We are finishing up our discussion of anti-concurrent causation clauses, but we would like to reserve the right to revisit the issue. A state that was hit hard by Superstorm Sandy is considering legislation that would address, among other things, anti-concurrent causation clauses in homeowners insurance policies. The insurance industry calls the proposal “misguided, if well-intentioned.”
One insurance professional invoked Florida’s experience with insurance reform after Hurricane Andrew: She said that our own misguided, if well-intentioned, laws sent Florida to the bottom of state rankings for home and auto insurance. At any rate, as the post-Sandy bills work their ways through the lawmaking process, we may come back to ACC clauses.
In our last post, we discussed causation and the principles underlying insurers’ determinations of what, exactly, caused the damage to a home. For the homeowner, the theory may sound unimportant — who cares why the kitchen is gone; I only care that it’s gone — but the theory informs the coverage determination, and any insurance payout depends on that determination.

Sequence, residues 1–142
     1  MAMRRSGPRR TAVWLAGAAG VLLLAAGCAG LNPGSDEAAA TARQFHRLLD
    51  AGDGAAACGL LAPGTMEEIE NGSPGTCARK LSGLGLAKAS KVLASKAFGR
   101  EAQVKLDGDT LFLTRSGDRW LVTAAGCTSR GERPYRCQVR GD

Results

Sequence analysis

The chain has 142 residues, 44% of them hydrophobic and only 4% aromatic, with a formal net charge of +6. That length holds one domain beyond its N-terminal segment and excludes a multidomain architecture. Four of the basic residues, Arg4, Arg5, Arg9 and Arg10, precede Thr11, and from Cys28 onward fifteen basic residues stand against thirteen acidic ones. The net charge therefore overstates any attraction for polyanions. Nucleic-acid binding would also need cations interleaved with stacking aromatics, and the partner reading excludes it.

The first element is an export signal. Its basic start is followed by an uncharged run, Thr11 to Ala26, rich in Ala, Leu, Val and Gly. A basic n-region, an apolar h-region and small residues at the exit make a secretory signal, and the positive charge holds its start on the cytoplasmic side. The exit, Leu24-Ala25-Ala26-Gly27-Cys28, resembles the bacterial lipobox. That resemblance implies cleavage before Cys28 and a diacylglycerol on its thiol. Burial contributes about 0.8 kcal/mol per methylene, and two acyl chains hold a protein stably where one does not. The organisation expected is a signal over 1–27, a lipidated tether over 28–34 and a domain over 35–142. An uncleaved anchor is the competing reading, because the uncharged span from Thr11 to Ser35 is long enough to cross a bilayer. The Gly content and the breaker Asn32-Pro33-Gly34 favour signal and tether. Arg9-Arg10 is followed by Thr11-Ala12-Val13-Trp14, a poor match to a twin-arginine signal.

If ACC clauses seem convoluted to homeowners, perhaps a little history will help. ACC clauses were actually introduced in response to the advent of the doctrine of concurrent causation. The seminal case was in the early 1970s, and not in Florida. That state’s highest court determined that a homeowners insurance company is liable for coverage if the policy covered just one of two or more concurrent events that caused the damage.
That case, however, applied to third-party insurance, not first-party. Third-party insurance covers injuries to, for example, neighbors on the insured’s property. First-party insurance covers damage to the insured’s own property, like his house and garage.
However, lower courts in that state started to apply the concurrent causation doctrine to first-party insurance coverage disputes. By the time the state’s Supreme Court issued another decision clarifying that the doctrine applied only to third-party claims, insurance companies had already started to include anti-concurrent causation clauses in standard policies in that and every other state.
Insurance regulators did not object. After Hurricane Katrina, a couple of state legislatures took steps to limit the applicability of ACC clauses. And now, after Superstorm Sandy, more states are taking a closer look at the language.
We’ll see what happens. The battle between insurers and state lawmakers, spurred on by angry and cash-strapped constituents — could heat up fast. If ACC clauses entered standard policies through the back door, they may go out the front.
Source: IRMI, Glossary of Insurance & Risk Management Terms, “Concurrent causation,” accessed online June 13, 2013Share